Attention-Deficit Hyperactivity Disorder (ADHD)

Specialty: Neurology/Pediatrics/Development Disorders

Author: Nicole Nwosu

Editor:Abidemi Oseni


Attention-deficit hyperactivity disorder (ADHD) is a neuro-developmental disorder typically
associated with children. It is described as an impairment in functioning caused by inattention,
impulsiveness and hyperactivity (Holland and Sayal, 2018). In the adult population, it impacts
social interactions, work productivity and academic achievement, displaying how the disorder
has a significant influence on various areas of a patient’s life (Xue et al., 2019). ADHD is also
known to be associated with other conditions such as oppositional defiant disorder, mood
disorders, anxiety disorders, substance abuse, conduct disorder and tic disorders (Austerman,

Social Media Summary

Attention-deficit hyperactivity disorder (ADHD) is a neuro-developmental disorder typically
associated with children.Many of these children may have difficulties sitting still, waiting their
turn,being fidgety, and acting impulsively. Treatment of ADHD usually encompasses a
combination of therapy and medication intervention which in some cases includes behavioral
strategies in the form of parent management training and school intervention. Treatment for
many children often alternate between various medication options depending on the efficacy
and tolerability of the medication. The ultimate treatment goal is to improve symptoms to restore
functioning at home and at school.
Social media handle Instagram: @abidemi_oseni

Epidemiology of ADHD

Studies suggest that ADHD impacts about 5% of school-age children (Holland and Sayley,
2018). In the United States, more than 1 in 10 school-age children meet the criteria for the
diagnosis of ADHD followed by 1 in 5 for high school boys and 1 in 11 for high school-aged girls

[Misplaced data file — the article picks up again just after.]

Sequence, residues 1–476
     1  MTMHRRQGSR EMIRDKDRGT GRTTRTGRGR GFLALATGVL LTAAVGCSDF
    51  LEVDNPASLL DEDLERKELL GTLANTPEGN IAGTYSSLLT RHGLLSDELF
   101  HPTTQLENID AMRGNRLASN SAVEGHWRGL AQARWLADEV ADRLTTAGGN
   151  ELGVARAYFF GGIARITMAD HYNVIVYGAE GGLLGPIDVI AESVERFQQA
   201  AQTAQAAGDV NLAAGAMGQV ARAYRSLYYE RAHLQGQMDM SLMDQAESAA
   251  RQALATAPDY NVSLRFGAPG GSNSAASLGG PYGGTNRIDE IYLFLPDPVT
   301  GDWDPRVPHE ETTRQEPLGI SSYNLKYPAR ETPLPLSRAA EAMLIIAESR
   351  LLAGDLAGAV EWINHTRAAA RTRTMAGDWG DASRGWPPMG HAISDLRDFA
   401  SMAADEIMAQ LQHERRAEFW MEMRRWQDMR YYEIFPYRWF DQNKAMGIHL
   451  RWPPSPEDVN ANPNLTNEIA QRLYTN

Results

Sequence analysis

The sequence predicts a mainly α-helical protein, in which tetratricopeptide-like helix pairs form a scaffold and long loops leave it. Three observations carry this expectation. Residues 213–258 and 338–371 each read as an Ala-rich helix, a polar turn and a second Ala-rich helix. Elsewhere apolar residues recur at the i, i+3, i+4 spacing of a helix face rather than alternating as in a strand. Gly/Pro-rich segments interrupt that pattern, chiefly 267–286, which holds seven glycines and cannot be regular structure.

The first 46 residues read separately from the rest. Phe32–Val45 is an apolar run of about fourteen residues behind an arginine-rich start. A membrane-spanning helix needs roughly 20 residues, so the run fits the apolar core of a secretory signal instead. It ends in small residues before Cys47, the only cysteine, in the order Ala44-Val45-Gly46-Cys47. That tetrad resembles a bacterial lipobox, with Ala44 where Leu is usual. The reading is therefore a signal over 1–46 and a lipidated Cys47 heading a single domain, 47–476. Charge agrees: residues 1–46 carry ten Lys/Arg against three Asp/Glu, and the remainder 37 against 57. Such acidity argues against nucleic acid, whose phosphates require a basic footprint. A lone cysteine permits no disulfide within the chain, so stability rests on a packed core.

(Manos et al., 2017). The estimated prevalence of ADHD in the adult population is 2.5% (Xue et
al., 2019). Despite research in the past stating that most children with ADHD recover in
adulthood, recent research has concluded that symptoms of ADHD continue into adulthood for
two-thirds of cases (Zue et al., 2019). In addition, prescription and diagnosis rates vary between
countries. For instance, prescribing rates in Denmark are 0.9% whereas, in Canada and
Iceland, the percentage is between 4.6-4.7% (Holland and Sayal, 2018).

Etiology of ADHD

Etiology of ADHD

Despite ADHD being considered highly heritable, the genes that contribute to the phenotypic
expression of ADHD have been hard to discover (Sciberras et al., 2017). Research has found a
number of possible genes having an impact in predicting ADHD in patients such as SNAP25
and SLC6A4. While genome-wide association studies have started to be conducted, nothing
significant has been published. While not all the risk for ADHD is genetic, there is also
environmental risk due to heritability, a factor of gene and environment interaction (Sciberras etal., 2017).

In fact, about 10 to 40% of the variability of ADHD is recorded to be because of
environmental factors. Because ADHD appears early in life, most research has been conducted
on the role the prenatal environment may have on the development of the disorder (Sciberras et
al., 2017).

Developmental Risk Factors for ADHD include (Austerman, 2015):

● Prematurity

● Prenatal complications

● An anoxic (oxygen deprivation) event

● Nutritional deficits (such as iron and zinc)

● Lack of proper socialization

● Heritability


Symptoms of ADHD

Holland and Sayal (2018) describe that those with ADHD have three core symptoms:
hyperactivity, impulsiveness and inattention, causing impairment in functioning (Holland and
Sayal, 2018). According to the DSM-5, symptoms vary but typically include numerous factors for
diagnosis that can be found in the next section (American Psychiatric Association, 2013.
Symptoms of inattention linked to ADHD include that the patient (American Psychiatric
Association, 2013:

● Is easily distracted

● Loses things essential for tasks and activities

● Forgetful in daily activities

● Avoids, dislikes or is reluctant to participate in tasks that require mental effort over a